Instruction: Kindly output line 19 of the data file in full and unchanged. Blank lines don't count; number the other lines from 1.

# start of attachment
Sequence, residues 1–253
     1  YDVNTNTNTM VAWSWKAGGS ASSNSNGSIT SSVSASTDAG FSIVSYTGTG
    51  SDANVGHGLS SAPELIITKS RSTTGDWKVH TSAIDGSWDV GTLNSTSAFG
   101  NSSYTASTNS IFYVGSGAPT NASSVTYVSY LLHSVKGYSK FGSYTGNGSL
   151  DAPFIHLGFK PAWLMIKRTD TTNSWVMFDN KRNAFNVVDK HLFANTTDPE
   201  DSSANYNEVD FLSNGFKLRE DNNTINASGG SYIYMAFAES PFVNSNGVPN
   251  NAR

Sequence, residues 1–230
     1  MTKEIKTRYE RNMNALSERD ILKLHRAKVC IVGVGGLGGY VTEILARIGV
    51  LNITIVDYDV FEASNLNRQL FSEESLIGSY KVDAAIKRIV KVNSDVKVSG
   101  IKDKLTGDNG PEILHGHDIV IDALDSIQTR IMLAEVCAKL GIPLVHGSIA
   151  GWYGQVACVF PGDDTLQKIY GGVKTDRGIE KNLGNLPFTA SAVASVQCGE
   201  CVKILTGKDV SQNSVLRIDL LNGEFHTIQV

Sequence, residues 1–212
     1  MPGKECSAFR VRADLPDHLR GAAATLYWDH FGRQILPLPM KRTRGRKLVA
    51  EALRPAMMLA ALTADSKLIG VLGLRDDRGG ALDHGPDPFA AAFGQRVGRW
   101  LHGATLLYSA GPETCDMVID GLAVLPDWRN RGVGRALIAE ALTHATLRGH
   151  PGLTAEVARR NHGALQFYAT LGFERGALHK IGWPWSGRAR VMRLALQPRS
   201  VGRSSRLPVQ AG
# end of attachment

   201  VGRSSRLPVQ AG